The long way to Wānaka: Cadrona — Cromwell Pack Track
Walking the wild rounded peaks of the Pisa Range, a journey in the footsteps of gold-diggers and musterers
It was the Tuesday after Easter, I was fresh (definitely didn’t smell it) off the road from a trip over Rabbit Pass. I had a roof for a night in Queenstown before I’d have to think of somewhere else to wander. I had a friend in Wānaka who would have me, but he was working till Friday. To make matters worse, the weather was packing in across the South Island. The Pisa Range stood out as a dry glimmer of hope in this conundrum. I could walk in the footsteps of swag carrying gold-diggers and musterers, from the Kawarau Gorge over the Pisa Range to the Cadrona Valley. Katie even thought it was a good enough idea that she’d tag along for the first night.
A series of calamities cursed us from the start. The first of these was that I realised that I would have to lug my day bag of non-tramping niceities along for the ride. As a result my pack was heavier than it was when I started our walk over Rabbit Pass! Second hiccup was that Katie had to do life admin all Wednesday, so it wasn’t until 4pm that we left Queenstown… To add insult to injury when we arrived to drive up the Roaring Meg a very aggressive gate told us that the road wasn’t open to vehicles! [despite it being a public road…] So out of the shitty white Honda we piled, off up a scrubby little track in defiance of the setting sun.
There are many legends about how Roaring Meg got its name. To early settlers it was the Kirtle Burn and to Māori it is Te Wai A Korokia. Roaring Meg flows in to the Kawarau not far from Whatatorere (Chalmers Leap), a natural stone bridge that enabled the formidable Kawarau River to be crossed, providing a navigable route on to Southland. According to legend it was blown up by a local gold-miner, but it is still crossable without a leap, despite the name.
Thankfully the scrubby track soon connected with the road proper, and we made good time marching (double time) along it, as it twisted and turned beside Roaring Meg. Autumn colours filled the gorge as we climbed higher, sweat dripping off our brows. By the time we had covered the 4km to the farm track that climbs in steep zig-zags beside Skeleton Stream the sun was well and truly setting. We continued our grueling pace upward, our head lamps occasionally giving us reflective glimpses of peering eyes in the dark. With no exaggeration, I felt like utter shit. I had hardly eaten in the past few days because of the stomach bug I had, and the tsunami wasn’t over yet. Regardless we motored on and two hours after we left the car the track started to flatten out, weaving between rocky tor before crossing endless tussock flats. In just over half an hour we reached pt 1415, but not before almost getting led astray by another farm track. Despite the worst of the uphill being over, neither Katie nor I had the energy to speak, occasionally we made an animal sound out to the darkness to make sure the other was okay. From pt 1415 it was just under an hour until we stumbled on to the porch of Deep Creek Hut, absolutely shattered. I sat in a hard wooden chair as my body started to shut down, my eyes casting a thousand yard stare. We had averaged 4kmph on our 1,300m ascent and boy I could feel it.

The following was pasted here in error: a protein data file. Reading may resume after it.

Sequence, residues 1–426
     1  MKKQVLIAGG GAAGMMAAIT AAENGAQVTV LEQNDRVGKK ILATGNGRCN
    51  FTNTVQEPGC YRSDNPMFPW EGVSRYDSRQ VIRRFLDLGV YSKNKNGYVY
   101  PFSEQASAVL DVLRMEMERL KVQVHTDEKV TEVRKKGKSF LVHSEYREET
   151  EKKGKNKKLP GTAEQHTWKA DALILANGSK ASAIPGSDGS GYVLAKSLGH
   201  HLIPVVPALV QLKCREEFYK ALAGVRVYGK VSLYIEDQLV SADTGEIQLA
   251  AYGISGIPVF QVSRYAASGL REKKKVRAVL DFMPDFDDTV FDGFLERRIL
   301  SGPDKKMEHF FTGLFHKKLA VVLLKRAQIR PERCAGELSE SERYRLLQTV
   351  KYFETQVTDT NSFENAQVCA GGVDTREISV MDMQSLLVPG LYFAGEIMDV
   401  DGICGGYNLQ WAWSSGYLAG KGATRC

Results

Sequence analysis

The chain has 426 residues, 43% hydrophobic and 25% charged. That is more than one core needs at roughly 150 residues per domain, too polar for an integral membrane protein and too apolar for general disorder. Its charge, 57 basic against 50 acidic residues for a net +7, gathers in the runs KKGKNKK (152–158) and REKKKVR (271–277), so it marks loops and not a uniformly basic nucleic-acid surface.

Rain battered the tin roof of the hut all night, a sound that I happily slept to. We were in no rush that day, Katie would go back to the car and I just had to walk a couple of hours on to Meg Hut down the packtrack.
Deep Creek Hut was built as accommodation for high country musterers and other station workers in the late nineteenth century on the Cromwell-Cardrona Packtrack. For over a century it provided shelter to seasonal gangs of musterers working to move sheep off high snow-prone pastures. These men left their mark, graffiti on the hut’s corrugated iron records many of the early 20th centuries interesting events. The hut came in to DOC’s possession in 2005 following a review of Pisa Station’s Crown lease and has since been restored making it quite cosy.
Instead of venturing out in to the storm I busied myself with a pitiful attempt to use the old range that sits proudly at one end of the hut. For my efforts I was rewarded with a luke-warm cup of tea and a lung full of smoke. Chapters of my book were happily ticked off as wind whistled through the cracks in the hut’s corrugated iron. A quick peek outside showed ominously dark clouds encircling the hut. I decided to make a break for it whilst I still could at half-past 11, giving Katie a goodbye hut before beginning the grunt up the hill behind the hug.
From Deep Creek Hut the track undulated, criss-crossing old water races as it went. Rocky tor (rock outcrops) dominated the skyline, long left behind by the forces of erosion. Despite being between two of New Zealand’s busiest tourist centres I felt totally isolated, at peace in nature. Once upon a time these tussock highlands might have been dominated by dry beech forest, but this quickly disappeared following the arrival of humans, who brought with them fire. Evidence of human interference in the landscape were all around to the eager eye, scars in nature long since abandoned and in the process of being reclaimed.